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Journal Article: ID no. (ISBN etc.):  0022-1694 BibTeX citation key:  Seghieri2009a
Seghieri, J., Vescovo, A., Padel, K., Soubie, R., Arjounin, M., Boulain, N., De Rosnay, P., Galle, S., Gosset, M., Mouctar, A. H., Peugeot, C. & Timouk, F. (2009) Relationships between climate, soil moisture and phenology of the woody cover in two sites located along the West African latitudinal gradient. IN Journal of Hydrology, 375. 75–89.
Added by: Devic 2009-09-17 15:32:23    Last Edited by: Fanny Lefebvre 2010-10-22 18:16:57
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Categories: General
Creators: Arjounin, Boulain, Galle, Gosset, Mouctar, Padel, Peugeot, De Rosnay, Seghieri, Soubie, Timouk, Vescovo
Collection: Journal of Hydrology
Bibliographies: Prior150410

Peer reviewed
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Abstract
The study quantifies the relationships at local scale between phenology and determinants of climate and soil water resources at two sites located along the latitudinal gradient of West Africa, one in the central Sahel (Mali), the other in the Sudanian bioclimatic zone (Benin). The aim is to improve our knowledge on possible vegetation response to possible climate change. Within the Sudanian site, average annual rainfall is 1200 mm, extending from April to October, while, in the Sahelian site, it is 370 mm, occurring from June to September. Physical data were collected from the African Monsoon Multidisciplinary Analysis research programme. The phenology of the dominant species was monitored in four types of vegetation cover at the wetter site, and in three types of vegetation cover at the drier site. For each sampled plant, leafing, flowering and fruiting were recorded as binary variables in terms of the presence/absence of phenophases. A small proportion of the variability of each phenophase occurrence is explained by the logit models. However, rainfall rise is significantly linked to leafing probability increase in the Sahelian site but not in the Sudanian site. Day length extension and temperature decrease are significantly correlated with an increase in leafing in the Sudanian site, but not in the Sahelian. On both sites, the increase in cumulative rainfall is not found to be linked to an increased probability of reproductive phenophases (negative or non-significant relationships). Air temperature is positively correlated with flowering rate in the Sudanian site, but, all other factors being constant, no climate factors are found to be highly significant of flowering occurrence in the Sahel. Fruiting probability is positively correlated mainly with temperature within the Sahelian site. Leafing occurrence is positively correlated with soil moisture in the 0–1 m layer for the Sudanian site, but not for the Sahelian site. Significant relationships between fruiting occurrence and soil moisture may reflect a prior selection of plants on fruiting period that maximizes seed dispersion and germination differently at the two sites. While vegetative and reproduction schedules may be determined by specific genetic factors, the physical environment controls the possibility of their expression. Reduction of the rainfall amount and intensity may increase reproduction rates in wet areas. Although this factor should decrease leafing rate, it does not influence reproduction at dry sites, except through the decrease in air humidity. In wetter areas, increasing temperature may reduce leafing, but may increase reproduction rates. Cover reduction may have an impact on local physical factors and, consequently, probably also affects vegetation phenology.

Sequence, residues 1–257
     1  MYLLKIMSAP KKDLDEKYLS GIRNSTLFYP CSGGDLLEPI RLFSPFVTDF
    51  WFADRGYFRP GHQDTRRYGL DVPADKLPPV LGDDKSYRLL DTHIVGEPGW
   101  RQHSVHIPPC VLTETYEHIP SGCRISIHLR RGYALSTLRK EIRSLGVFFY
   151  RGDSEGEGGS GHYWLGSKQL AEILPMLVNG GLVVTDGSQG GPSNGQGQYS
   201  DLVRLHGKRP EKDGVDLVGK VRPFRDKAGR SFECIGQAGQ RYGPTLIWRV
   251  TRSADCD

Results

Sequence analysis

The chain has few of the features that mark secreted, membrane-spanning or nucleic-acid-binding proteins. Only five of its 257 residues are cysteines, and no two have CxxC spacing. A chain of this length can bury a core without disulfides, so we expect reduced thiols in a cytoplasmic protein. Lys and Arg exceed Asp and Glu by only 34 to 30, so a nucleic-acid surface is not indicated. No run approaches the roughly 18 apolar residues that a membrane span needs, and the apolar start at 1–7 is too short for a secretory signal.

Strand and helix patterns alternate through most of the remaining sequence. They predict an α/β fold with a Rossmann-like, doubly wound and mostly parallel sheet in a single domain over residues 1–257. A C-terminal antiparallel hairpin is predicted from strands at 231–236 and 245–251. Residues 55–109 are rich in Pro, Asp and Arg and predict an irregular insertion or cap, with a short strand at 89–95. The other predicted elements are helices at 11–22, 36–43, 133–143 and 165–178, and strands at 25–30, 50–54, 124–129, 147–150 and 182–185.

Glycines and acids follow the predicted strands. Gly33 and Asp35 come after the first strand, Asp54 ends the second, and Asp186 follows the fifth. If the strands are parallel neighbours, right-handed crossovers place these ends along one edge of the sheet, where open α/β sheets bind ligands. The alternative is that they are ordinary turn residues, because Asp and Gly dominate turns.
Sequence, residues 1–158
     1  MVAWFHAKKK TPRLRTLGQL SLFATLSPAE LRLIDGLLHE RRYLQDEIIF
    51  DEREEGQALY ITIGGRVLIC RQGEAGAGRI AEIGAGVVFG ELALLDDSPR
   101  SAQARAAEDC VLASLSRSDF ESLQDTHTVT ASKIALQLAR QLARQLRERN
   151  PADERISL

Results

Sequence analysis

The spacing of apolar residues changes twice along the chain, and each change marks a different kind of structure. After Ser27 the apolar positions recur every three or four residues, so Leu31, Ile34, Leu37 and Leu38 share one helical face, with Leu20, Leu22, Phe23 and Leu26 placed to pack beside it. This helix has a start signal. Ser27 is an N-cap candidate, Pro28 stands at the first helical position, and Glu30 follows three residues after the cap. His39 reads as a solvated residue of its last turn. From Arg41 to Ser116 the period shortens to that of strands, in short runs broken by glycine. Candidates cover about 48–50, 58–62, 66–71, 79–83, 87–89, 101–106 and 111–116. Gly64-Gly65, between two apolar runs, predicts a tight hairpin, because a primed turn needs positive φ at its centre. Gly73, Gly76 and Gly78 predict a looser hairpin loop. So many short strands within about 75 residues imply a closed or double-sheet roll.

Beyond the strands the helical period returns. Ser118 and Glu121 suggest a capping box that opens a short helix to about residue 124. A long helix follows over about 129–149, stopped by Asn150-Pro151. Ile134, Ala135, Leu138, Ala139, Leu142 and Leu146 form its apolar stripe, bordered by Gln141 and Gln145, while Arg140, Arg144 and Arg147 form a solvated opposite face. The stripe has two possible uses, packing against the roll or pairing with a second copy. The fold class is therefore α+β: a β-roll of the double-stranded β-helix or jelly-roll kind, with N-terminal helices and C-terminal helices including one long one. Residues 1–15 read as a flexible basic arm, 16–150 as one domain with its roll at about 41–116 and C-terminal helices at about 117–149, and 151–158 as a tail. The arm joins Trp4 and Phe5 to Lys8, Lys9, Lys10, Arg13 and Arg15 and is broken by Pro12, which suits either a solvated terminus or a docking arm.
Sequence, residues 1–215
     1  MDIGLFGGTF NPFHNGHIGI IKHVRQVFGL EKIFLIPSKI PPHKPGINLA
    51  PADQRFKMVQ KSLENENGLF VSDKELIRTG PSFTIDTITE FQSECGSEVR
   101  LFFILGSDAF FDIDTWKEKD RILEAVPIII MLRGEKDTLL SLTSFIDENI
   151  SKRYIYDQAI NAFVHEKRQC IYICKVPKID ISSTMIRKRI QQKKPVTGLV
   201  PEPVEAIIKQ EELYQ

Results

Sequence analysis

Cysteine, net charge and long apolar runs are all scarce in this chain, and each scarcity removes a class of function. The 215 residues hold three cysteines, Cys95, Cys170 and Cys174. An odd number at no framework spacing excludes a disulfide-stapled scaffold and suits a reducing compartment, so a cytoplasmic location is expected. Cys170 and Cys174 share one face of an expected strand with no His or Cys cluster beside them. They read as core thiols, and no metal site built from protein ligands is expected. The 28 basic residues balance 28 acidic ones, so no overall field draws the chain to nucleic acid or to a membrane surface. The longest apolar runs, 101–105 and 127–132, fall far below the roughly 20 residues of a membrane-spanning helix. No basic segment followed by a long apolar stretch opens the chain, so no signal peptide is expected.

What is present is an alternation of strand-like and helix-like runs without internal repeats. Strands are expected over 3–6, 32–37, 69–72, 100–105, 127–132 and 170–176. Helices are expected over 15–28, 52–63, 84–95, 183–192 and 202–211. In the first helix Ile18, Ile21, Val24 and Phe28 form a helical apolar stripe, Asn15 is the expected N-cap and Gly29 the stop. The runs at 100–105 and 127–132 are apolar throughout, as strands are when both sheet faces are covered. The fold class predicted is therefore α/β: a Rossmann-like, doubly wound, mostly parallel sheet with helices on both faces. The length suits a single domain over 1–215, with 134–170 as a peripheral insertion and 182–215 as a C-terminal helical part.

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Last Edited by: Fanny Lefebvre